Wading Staff - What Has Worked For You

micka

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Apr 12, 2010
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Just as on my net handles and just about anything portable like that (fly boxes etc) put one of those waterproof labels on with your name and phone no on, for as sure as 'eggs are eggs' you're going to forget it sometime, somewhere.

Then suddenly I get a phone call with someone saying "I've got your wading staff."

Mick
 

mebu

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Oct 30, 2009
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1,048
A bloke in Northumberland sells really good wading staffs on ebay. 2 piece, with a well engineered screw at centre so can be folded, very solid with a good chunk of lead at the bottom. £40, a really good buy (I've had a couple as tend to leave them somewhere).

Would not consider another folding one after 2 I had gave problems.

Peter
 

dcb

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Aug 13, 2015
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48
Location
Midlothian
Thanks for the comments and suggestions. I had a single piece staff, made many years ago, with a wrap of lead around the base of the staff. It eventually succumbed to the wear and tear and old age in general ( a bit like myself) Suggestions given give me food for thought.

Thanks again

DCB
 

Lewis Chessman

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Mar 16, 2008
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Isle of Lewis
I bought one similar to this Aventek collapsible wading stick when I worked on the Spey and it did fine for me then - saved my embarrassment (and maybe more!) several times. Very little wading to do on my current river now so it seldom sees use unless I'm concerned for an elderly guest's safety and lend it out.

Mine differs only in that it came with an wide disc one can attach to the foot if the river bottom is soft, to prevent it sinking too far and getting stuck.
It's not bottom-weighted so when casting I would tuck it at an angle behind my knees so the handle was easily accessible to my left hand, rod in the right. The current would hold it there, comfortable and out of the way while I fished.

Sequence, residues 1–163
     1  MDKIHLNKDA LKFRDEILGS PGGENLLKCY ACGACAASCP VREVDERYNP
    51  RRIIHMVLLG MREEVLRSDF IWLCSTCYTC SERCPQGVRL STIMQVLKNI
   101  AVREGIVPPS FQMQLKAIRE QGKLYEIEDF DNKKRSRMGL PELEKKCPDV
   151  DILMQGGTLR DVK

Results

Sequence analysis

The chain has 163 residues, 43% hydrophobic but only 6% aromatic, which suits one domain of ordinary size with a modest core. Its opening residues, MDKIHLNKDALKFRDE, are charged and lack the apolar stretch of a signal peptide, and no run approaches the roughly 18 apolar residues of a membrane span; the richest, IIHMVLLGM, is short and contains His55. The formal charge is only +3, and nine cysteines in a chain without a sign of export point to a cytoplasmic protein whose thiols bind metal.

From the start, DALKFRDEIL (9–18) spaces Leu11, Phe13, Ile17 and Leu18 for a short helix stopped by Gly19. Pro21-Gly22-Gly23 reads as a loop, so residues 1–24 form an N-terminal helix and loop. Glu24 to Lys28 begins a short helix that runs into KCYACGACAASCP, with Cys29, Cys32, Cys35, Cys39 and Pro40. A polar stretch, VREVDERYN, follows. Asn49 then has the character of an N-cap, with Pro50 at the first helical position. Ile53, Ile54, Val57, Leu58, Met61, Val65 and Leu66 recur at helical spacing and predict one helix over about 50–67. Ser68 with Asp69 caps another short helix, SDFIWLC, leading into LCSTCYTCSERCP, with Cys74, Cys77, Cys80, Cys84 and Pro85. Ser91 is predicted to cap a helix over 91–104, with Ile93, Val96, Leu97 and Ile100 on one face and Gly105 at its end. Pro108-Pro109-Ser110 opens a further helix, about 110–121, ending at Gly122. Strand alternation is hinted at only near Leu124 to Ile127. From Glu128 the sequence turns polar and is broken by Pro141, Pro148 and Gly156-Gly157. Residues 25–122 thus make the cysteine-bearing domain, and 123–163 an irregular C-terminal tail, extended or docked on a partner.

This model and mine has a removeable top which gives access to a bolt for attaching a camera if you ever want to use it as a mono-pod.

I do appreciate the inherent problem with elasticated, non-locking sticks like mine should it ever get wedged in the rocks or stuck in mud/peat. I can only say I have never had this happen to the extent that it didn't pull out.
I think that, whatever you choose, do consider the noise aspect. Sound travels far better underwater than through the air and I've stood by countless guests who would carelessly clank their way fishless down a pool. If I can hear their stick I'm damned sure the fish can too. Easily remedied with ethafoam pipe lagging and tape, for instance.

Hope you find the right stick for your needs.
 

speytime

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Feb 27, 2009
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Location
West Lothian Scotland
You can buy a carbon fibre staff (weighted) from fishing mad, it's worth a look.

Edit... My dad cut a hazel stick and taped it to the handle of his Sharpes Belmont landing net/wading staff, not fancy but effective.

Al
 
Last edited:

Paul_B

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Nov 14, 2008
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West Riding of Yorkshire